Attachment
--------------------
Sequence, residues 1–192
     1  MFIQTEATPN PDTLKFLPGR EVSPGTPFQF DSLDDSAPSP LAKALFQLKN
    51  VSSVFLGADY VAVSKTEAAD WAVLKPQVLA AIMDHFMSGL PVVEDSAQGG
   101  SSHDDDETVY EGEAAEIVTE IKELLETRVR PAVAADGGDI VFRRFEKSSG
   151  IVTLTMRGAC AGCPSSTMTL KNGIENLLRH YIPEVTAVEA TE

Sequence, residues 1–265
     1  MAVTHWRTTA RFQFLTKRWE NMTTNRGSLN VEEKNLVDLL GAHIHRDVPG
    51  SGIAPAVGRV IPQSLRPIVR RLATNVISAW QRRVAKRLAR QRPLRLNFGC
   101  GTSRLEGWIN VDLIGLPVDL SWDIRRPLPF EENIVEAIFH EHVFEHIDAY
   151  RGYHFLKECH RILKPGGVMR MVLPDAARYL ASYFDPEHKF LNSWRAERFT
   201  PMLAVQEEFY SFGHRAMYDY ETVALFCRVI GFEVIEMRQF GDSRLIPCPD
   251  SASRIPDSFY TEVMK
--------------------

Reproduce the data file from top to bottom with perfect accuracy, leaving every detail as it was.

Sequence, residues 1–192
     1  MFIQTEATPN PDTLKFLPGR EVSPGTPFQF DSLDDSAPSP LAKALFQLKN
    51  VSSVFLGADY VAVSKTEAAD WAVLKPQVLA AIMDHFMSGL PVVEDSAQGG
   101  SSHDDDETVY EGEAAEIVTE IKELLETRVR PAVAADGGDI VFRRFEKSSG
   151  IVTLTMRGAC AGCPSSTMTL KNGIENLLRH YIPEVTAVEA TE

Sequence, residues 1–265
     1  MAVTHWRTTA RFQFLTKRWE NMTTNRGSLN VEEKNLVDLL GAHIHRDVPG
    51  SGIAPAVGRV IPQSLRPIVR RLATNVISAW QRRVAKRLAR QRPLRLNFGC
   101  GTSRLEGWIN VDLIGLPVDL SWDIRRPLPF EENIVEAIFH EHVFEHIDAY
   151  RGYHFLKECH RILKPGGVMR MVLPDAARYL ASYFDPEHKF LNSWRAERFT
   201  PMLAVQEEFY SFGHRAMYDY ETVALFCRVI GFEVIEMRQF GDSRLIPCPD
   251  SASRIPDSFY TEVMK